College Sports in the Carolinas
Don't miss Al Myatt's
profile of ECU Chancellor Steven Ballard in the 2004
from the East
Monday, November 29, 2004
By Al Myatt
Holland hooking up with
BONESVILLE POWER HOUR
Listen to the archived audio of last week's
Bonesville Power Hour on WNCT-AM Talk 1070. Host
Patrick Johnson and Bonesville.net's Al Myatt
and Denny O'Brien delved into East Carolina's
search for a football coach and interacted with
WHERE TO BUY...
PAT DYE: Short on Tenure, Long on Impact
INSIDE PIRATE FOOTBALL
Tracking the Classes
NCHSAA & ECU: Smooth Sailing Again
HIGH HOPES FOR HOOPS
New Leader Takes Charge
SCOTT COWEN: Busting Down the Door
KEITH LECLAIR on ECU's Field of Dreams
BETH GRANT: Actress Still a Pirate
East Carolina athletic director Terry Holland has been doing a little more
than just making a list of head football coaching candidates and checking it
Holland talked to Skip Holtz, recently quarterbacks coach on South
Carolina's staff, prior to the
N.C. State-ECU game and visited with
William & Mary coach Jimmye Laycock on Sunday. Those conversations have been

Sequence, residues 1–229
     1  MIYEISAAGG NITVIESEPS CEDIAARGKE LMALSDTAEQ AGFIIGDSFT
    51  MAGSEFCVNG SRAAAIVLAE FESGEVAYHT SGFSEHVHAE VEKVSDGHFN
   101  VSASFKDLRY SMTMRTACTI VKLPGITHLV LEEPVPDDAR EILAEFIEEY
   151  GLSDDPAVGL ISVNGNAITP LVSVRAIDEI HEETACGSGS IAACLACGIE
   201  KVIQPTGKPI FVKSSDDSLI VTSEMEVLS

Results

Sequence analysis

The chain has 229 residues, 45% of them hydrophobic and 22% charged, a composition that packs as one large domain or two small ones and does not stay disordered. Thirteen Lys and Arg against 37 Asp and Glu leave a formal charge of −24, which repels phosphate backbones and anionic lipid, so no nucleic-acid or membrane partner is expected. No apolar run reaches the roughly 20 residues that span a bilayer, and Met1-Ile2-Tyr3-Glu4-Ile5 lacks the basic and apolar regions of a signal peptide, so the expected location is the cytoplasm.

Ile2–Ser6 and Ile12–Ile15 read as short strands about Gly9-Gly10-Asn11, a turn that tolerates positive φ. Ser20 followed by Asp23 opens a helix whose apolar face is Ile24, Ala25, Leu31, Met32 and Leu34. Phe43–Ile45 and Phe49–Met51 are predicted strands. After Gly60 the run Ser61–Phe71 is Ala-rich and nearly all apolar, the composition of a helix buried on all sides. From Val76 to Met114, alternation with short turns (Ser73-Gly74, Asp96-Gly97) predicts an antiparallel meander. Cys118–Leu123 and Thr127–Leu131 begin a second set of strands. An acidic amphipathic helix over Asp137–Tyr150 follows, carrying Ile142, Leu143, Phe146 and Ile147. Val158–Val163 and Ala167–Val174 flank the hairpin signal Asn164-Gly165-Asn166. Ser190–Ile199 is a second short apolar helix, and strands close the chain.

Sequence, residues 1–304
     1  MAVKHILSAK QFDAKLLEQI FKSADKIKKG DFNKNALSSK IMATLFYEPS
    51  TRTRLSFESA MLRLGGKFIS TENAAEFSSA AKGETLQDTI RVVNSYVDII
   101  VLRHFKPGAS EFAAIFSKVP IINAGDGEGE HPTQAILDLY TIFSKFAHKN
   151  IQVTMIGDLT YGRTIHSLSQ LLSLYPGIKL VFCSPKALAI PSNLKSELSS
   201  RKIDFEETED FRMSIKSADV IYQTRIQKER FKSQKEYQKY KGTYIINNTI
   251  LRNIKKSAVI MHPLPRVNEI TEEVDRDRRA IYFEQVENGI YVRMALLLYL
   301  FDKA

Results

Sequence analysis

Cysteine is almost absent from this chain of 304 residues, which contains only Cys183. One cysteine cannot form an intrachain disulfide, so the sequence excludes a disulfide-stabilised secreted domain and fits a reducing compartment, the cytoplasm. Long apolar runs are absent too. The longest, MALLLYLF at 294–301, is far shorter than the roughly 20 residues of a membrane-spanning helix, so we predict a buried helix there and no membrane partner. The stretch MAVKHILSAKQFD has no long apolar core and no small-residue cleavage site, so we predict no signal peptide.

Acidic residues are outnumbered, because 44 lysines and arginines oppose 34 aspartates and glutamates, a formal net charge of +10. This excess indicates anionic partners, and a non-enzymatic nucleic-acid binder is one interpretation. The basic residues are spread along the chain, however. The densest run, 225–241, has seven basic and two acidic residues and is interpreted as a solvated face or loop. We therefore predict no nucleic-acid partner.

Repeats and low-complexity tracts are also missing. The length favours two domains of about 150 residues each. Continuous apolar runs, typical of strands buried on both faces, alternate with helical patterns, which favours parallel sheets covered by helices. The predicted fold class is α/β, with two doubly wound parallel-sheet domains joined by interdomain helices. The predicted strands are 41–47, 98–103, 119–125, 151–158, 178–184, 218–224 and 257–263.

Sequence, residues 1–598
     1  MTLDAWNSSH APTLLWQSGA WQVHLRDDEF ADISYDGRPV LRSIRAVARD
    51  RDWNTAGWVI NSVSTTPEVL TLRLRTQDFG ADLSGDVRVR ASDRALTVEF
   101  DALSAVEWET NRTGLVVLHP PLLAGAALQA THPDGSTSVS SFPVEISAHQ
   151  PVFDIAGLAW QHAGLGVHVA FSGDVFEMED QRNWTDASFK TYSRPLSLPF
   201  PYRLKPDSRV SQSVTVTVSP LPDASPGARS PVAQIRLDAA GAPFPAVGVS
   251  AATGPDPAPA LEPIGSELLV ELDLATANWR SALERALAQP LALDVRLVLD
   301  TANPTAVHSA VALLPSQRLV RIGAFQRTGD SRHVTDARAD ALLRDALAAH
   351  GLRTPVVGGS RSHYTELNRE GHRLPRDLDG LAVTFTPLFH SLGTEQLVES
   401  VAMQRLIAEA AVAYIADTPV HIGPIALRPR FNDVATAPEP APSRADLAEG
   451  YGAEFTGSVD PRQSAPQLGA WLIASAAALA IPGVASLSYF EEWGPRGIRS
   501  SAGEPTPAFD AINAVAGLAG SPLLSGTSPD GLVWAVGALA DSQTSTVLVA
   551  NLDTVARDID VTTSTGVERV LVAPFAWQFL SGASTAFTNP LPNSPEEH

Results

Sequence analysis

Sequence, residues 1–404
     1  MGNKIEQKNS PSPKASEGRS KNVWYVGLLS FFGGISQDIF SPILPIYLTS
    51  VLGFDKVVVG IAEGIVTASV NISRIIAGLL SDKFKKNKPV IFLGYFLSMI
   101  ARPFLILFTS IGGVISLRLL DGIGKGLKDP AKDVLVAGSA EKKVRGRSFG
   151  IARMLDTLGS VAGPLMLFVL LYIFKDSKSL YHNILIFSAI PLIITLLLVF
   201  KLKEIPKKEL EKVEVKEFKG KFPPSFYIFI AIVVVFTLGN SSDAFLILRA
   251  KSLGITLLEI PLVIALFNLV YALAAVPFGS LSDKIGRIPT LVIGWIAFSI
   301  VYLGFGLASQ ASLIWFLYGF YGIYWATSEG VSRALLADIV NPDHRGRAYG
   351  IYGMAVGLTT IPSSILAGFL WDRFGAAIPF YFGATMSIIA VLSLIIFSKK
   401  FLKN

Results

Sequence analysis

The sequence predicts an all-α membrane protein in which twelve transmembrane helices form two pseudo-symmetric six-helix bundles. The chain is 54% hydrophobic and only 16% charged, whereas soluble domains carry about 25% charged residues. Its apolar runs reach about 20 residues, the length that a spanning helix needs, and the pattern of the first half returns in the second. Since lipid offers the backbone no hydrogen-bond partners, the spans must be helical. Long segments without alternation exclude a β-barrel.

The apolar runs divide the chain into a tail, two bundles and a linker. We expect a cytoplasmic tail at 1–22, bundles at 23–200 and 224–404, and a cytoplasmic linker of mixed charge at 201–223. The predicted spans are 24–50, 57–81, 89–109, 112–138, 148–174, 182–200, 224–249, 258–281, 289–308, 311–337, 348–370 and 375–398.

confirmed and there also are indications that deposed
Florida coach Ron Zook will be in
Greenville early this week.
Louis "Skip" Holtz, Jr., is, of course, the son of recently-retired South
Carolina coach Lou Holtz. The younger Holtz played in his dad's program at
Notre Dame and later was an assistant on the Fighting Irish staff. He has
head coaching experience, guiding Connecticut successfully on the Division
I-AA level before joining his dad's Gamecocks staff.
Skip has been at USC for six years and was once thought to be in line for
the head job. After dad replaced him as offensive coordinator, Holtz
finished out with the Gamecocks as assistant head coach in addition to
working with the quarterbacks.
Laycock's Tribe advanced in the Division I-AA playoffs on Saturday with a
42-35 win over Hampton in Williamsburg, Va., on Saturday. Laycock has some
impressive achievements on his resume in 24 years as the head man at W&M.
An interesting twist in the search for John Thompson's successor is that
former Clemson and Arkansas head coach Danny Ford has apparently contacted
former ECU coach Ed Emory, now head coach at Richmond County High. Ford, who